mindfulness

Living in the Moment: Mindfulness in Virtual Teams

“With the past, I have nothing to do; nor with the future. I live now.” – Ralph Waldo Emerson

How often have you had lunch at your desk and could not remember what you ate, or if you even did eat? It is easy to become very focused upon your task at hand. This focus is often referred to as “being in the zone” or “in the flow.” When there is an imminent deadline for a team project and you are the one finalizing it, you’ll sometimes find yourself in that state.   Thus, these phrases have some positive value attached to them: productive, hard-working, energized.

 

Mindfulness and the CIO

However, when reality strikes, and the client calls, or emergencies arise, team members cannot be oblivious to the obvious: it is time to change tasks. As “being in the zone” might imply, hyperfocus can be good, but not always. The only place you have any impact is in the here and now. That cannot be achieved with your head down in the computer screen and your mind multi-tasking like crazy. Being present here and now in every interaction you have is a prerequisite for individual and Virtual Team success.

The buzzword often used is “mindfulness.” Rarely heard in management until recently, it is based upon Buddhist practices. Mindfulness is paying attention on purpose, in the present moment, and non-judgmentally. “The outlook for CIOs, as they demonstrate mindful leadership, is excellent.” (J. Esser, Technology Forecast, 2013) Mindful leaders inspire mindful teams. Help your virtual team become more mindful right now.

 

Three Tips for Being More Mindful

Focus on teaching your virtual team members, and yourself, these three simple tips to help them be in the moment, not in the zone (or zoned out during an online meeting, not that you’ve ever done that…):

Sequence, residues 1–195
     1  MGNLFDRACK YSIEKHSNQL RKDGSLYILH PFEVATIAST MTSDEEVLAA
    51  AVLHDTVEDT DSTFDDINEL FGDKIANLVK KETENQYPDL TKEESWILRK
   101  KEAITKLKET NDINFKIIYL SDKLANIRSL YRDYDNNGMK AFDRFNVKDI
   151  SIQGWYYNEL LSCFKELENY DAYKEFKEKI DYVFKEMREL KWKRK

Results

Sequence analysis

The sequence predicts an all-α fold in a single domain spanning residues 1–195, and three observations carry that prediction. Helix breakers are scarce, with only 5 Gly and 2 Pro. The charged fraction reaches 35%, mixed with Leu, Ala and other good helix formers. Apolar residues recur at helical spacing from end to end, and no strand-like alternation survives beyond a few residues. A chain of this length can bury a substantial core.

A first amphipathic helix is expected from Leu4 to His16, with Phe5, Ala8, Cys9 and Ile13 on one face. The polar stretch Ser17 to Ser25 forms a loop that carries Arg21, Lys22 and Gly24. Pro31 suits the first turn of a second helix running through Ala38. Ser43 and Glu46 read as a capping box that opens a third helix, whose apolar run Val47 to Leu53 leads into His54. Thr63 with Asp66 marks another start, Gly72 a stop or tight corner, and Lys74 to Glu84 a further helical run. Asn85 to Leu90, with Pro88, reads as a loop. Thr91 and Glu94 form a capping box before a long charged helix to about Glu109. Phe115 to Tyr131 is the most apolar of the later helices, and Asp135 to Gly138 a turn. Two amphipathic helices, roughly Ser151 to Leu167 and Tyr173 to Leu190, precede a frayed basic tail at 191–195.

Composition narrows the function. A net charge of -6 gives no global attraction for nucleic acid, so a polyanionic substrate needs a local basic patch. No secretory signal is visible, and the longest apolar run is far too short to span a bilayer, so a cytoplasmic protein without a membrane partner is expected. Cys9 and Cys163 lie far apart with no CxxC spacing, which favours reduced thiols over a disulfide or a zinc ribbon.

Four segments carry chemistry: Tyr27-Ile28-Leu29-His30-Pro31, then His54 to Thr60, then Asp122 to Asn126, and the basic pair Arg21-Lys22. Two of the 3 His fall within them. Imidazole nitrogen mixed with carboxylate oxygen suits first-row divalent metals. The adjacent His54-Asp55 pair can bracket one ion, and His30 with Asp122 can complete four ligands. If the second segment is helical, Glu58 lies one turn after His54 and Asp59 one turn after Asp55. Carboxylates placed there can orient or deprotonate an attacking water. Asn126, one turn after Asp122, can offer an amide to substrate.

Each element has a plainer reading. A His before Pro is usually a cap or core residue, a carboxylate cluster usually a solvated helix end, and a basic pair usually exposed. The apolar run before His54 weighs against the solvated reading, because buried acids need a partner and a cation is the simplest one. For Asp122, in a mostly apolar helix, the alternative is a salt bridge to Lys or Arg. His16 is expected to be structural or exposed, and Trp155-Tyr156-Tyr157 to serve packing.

• In the zone? Take a moment to notice what you’re doing and when and why you are doing it. Is this a stretch for you? Set a reminder in Outlook if you have to, but stop what you’re doing for even just a moment and come back to reality every hour. If you lose all track of time, you are probably hyperfocused. Take some time to simply be. Lunch time, for example.
  • Zoned out? This can happen, also. When you notice your mind wandering as the client (or your boss) drones on in that virtual meeting, do not become frustrated or judge yourself harshly, simply bring yourself back to the current task and move forward. Your thoughts are simply thoughts; you do not need to react to them, especially the negative ones.
  • Become aware. Notice where you tend to “zone in” or “zone out” too much. What are the activities? Practice bringing more awareness into them to achieve a balance. Do not take things so seriously that you cannot act on them without judging them. While emotions, good or bad, can be motivators for bursts of productivity, long term they do not serve you well.

Remember that these are just simple starter exercises in awareness. They are not immediate deep life changes, but in time they can be.. The more awareness and mindfulness you bring into your daily life, the more you can authentically connect. You can tell when the person you’re Skyping with isn’t paying attention, as you hear their keyboard keys click. Don’t be that person. You do not need to drag out a yoga mat and sit in the lotus position to start your day, although many successful executives do. To be mindful means simply to be more aware, however you can, of the present moment.

 

Three Benefits of Being Mindful in the Moment